Earthquake rocks south Pacific
Magnitude measured at 7.5
WELLINGTON, New Zealand — A powerful earthquake that struck in the southern Pacific Ocean on Wednesday sent jitters around the region after authorities warned of possible tsunamis, but there were no initial reports of destructive waves or major damage.
The magnitude 7.5 quake hit in the afternoon near the French territory of New Caledonia at a shallow depth, where earthquakes are generally more damaging. It was felt as far away as Vanuatu, about 390 miles away.
Tsunami sirens blared across New Caledonia minutes after the quake. The Pacific Tsunami Warning Center said tsunami waves of between 3 and 10 feet were possible along some coasts of New Caledonia and Vanuatu, before later lifting the warning.
Local authorities in New Caledonia ordered residents to evacuate coastal zones on the eastern edge of the archipelago, including the Loyalty Islands and the island of Ile des Pins. The evacuation order from the regional police said western islands didn’t need to evacuate but should remain vigilant.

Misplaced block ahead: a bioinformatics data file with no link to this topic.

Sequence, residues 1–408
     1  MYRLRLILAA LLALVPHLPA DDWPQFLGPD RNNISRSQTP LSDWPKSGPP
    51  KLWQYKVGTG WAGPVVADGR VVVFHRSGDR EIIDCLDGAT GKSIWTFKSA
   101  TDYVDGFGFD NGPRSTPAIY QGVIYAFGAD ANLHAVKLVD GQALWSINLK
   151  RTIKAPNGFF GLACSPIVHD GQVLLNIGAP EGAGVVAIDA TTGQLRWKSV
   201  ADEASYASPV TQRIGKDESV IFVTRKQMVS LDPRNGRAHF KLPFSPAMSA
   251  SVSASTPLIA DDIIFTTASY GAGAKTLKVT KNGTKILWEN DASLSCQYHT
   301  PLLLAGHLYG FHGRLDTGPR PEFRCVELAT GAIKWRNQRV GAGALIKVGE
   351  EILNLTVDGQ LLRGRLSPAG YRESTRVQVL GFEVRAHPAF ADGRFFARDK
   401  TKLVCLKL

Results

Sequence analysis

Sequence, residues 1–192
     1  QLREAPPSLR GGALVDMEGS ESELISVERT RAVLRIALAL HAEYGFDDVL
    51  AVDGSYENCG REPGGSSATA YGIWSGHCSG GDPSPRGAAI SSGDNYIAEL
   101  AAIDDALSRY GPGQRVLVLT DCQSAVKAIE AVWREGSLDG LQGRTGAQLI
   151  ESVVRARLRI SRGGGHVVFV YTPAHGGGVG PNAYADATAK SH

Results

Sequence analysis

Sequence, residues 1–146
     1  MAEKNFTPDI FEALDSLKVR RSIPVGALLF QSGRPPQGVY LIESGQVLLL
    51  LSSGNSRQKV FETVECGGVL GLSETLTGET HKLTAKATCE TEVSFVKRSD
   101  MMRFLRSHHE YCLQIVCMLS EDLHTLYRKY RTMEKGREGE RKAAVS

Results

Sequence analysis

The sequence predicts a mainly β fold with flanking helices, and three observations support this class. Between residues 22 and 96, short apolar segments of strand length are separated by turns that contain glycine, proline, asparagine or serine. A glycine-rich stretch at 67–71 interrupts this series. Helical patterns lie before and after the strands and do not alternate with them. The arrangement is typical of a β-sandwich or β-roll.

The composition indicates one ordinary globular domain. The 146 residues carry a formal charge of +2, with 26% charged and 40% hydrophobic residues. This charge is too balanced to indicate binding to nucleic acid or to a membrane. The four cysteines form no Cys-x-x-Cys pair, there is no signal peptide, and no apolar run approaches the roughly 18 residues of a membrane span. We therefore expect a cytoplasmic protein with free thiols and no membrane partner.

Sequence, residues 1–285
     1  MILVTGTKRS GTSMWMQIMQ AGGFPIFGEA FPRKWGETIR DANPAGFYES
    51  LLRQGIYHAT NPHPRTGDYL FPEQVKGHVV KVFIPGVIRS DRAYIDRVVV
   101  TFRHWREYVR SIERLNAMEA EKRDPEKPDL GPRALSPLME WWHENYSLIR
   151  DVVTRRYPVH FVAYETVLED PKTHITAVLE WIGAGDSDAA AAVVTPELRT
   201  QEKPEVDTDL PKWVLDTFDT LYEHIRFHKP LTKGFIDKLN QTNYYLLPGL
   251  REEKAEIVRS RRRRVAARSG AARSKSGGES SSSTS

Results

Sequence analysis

While residents of the region are familiar with tsunami warnings and evacuations, the quake startled tourists, including communications consultant Eugenie Kerleau, 30, vacationing on the island of Lifou from her home in mainland France.
“It was really surprising, I had a feeling of vertigo, the curtains were moving. We were immediately evacuated from the hotel to a calmer point at higher altitude,” she told The Associated Press.